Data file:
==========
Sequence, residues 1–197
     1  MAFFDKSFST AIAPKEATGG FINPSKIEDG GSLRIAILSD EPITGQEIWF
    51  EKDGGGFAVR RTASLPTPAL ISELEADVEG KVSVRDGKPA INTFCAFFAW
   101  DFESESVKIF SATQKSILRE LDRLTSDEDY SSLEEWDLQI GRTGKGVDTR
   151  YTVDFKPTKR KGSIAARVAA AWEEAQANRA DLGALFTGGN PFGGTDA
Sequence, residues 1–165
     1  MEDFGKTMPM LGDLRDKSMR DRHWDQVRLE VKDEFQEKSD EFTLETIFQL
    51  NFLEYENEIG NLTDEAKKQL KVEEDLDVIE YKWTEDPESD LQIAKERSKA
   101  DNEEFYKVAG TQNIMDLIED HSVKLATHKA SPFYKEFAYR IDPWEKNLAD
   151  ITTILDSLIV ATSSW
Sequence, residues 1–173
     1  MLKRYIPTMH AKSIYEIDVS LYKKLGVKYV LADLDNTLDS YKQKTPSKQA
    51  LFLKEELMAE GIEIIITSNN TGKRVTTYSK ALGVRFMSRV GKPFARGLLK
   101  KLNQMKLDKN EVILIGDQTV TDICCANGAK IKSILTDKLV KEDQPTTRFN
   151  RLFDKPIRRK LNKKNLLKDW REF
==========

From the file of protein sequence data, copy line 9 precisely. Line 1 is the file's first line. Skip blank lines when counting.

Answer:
   101  DNEEFYKVAG TQNIMDLIED HSVKLATHKA SPFYKEFAYR IDPWEKNLAD